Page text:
Dr. Sherin U. Devaskar (Westwood), a noted pediatrician, neonatologist,scientist and researcher, has been named Mattel Children's Hospital atUCLA's new chief of neonatology and vice chair of pediatric research forUCLA's School of Medicine beginning July 1. Executive Chair of PediatricsEdward R.B. McCabe, M.D., Ph.D., physician-in-chief of the Mattel Children'sHospital at UCLA, stated that Devaskar's selection followed an intensivenational search.
"With Dr. Devaskar heading up two critical areas in pediatrics,UCLA is poised to provide the best possible health care for newborns inmedical need and to help medicine move forward in preventing childhoodillnesses through innovative new research," said McCabe.
Devaskar will oversee UCLA's Division of Neonatology, which offers highlyspecialized care for newborns needing intensive care in a 20-bed, neonatal,intensive-care unit housed at Mattel Children's Hospital at UCLA. Newbornsin the nursery include those requiring open-heart surgery and other lifesavingsurgical procedures, congenital and genetic defects, as well as those withroutine problems associated with infections and premature births.
Devaskar's work focuses on two major areas of pediatric research. Onepart looks at the brain metabolism of newborns to determine if abnormalneurological development can be predicted and prevented. "We are specificallylooking at glucose transporters which are molecules that behave like shuttlebuses at an amusement park," said Devaskar. "These glucose transportersshuttle nutrients into the brain, empty the nutrients and then become readyfor reloading. If we can understand the mechanism by which nutrients aresupplied to the brain, we can decipher abnormalities where nutrients arenot made available as needed."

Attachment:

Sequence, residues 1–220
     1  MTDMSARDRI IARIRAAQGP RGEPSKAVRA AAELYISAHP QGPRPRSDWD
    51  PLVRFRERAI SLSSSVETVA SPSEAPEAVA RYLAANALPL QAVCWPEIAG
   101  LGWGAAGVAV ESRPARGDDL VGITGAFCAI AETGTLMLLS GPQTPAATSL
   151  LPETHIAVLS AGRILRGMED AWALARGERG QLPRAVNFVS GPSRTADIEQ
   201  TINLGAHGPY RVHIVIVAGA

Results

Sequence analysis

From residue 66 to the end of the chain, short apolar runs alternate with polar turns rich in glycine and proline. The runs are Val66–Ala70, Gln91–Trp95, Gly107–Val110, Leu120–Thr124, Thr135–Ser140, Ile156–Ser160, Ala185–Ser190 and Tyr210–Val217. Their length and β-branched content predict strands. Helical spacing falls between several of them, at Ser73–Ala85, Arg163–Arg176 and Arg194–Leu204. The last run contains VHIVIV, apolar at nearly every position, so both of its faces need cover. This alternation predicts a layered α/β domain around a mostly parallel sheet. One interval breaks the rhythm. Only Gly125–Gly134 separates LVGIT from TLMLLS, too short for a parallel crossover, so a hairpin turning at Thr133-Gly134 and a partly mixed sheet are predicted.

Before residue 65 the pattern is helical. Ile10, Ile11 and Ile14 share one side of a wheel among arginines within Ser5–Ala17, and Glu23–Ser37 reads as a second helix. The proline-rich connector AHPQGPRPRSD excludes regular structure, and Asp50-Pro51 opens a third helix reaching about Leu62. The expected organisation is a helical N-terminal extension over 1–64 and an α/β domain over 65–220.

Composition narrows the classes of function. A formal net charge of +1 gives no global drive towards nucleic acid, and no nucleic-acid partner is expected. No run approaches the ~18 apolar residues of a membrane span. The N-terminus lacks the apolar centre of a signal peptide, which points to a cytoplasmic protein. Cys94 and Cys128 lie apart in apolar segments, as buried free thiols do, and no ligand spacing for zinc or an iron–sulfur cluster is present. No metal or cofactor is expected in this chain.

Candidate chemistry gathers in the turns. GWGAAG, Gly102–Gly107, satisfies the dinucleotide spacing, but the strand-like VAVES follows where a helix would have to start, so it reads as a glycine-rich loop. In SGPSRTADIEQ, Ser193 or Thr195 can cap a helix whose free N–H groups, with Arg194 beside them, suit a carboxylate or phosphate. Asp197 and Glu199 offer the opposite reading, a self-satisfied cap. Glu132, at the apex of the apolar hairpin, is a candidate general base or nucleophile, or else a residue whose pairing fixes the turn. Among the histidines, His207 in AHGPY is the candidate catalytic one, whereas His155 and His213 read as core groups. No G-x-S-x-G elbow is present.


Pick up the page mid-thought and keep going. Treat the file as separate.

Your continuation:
Devaskar's second major area of research focuses on the concept thatadult diseases such as obesity, eating disorders, diabetes, hypertensionand heart disease originate in the fetal and newborn periods of life.
"We are trying to decode the mechanisms underlying the developmentof adult diseases due to neonatal metabolic changes," said Devaskar."The hope is that if we can find out what causes these diseases laterin life, we can go 'back to the future,' if you will, and intervene inthe newborn stages, thus eliminating the devastating consequences of certaindiseases even before the manifestation of symptoms. This raises the hopeof improving the quality of life."
Prior to her UCLA appointment, Devaskar was chief of neonatology anda pediatrics professor at the University of Pittsburgh. She was also asenior scientist with the Magee Research Institute in Pittsburgh, Pa. Devaskarwas recently appointed by the U.S. Department of Health and Human Servicesto serve a four-year term as a member of the Human Embryology and DevelopmentStudy Section, part of the National Institutes of Health's Center for ScientificReview. She previously chaired the Maternal-Child Research Committee ofthe National Institutes of Child Health and Human Development.
Devaskar is also a member of the Society for Pediatric Research, EndocrineSociety, American Diabetes Association, the Society for Neurosciences andthe American Society of Clinical Investigation. She is married with twochildren.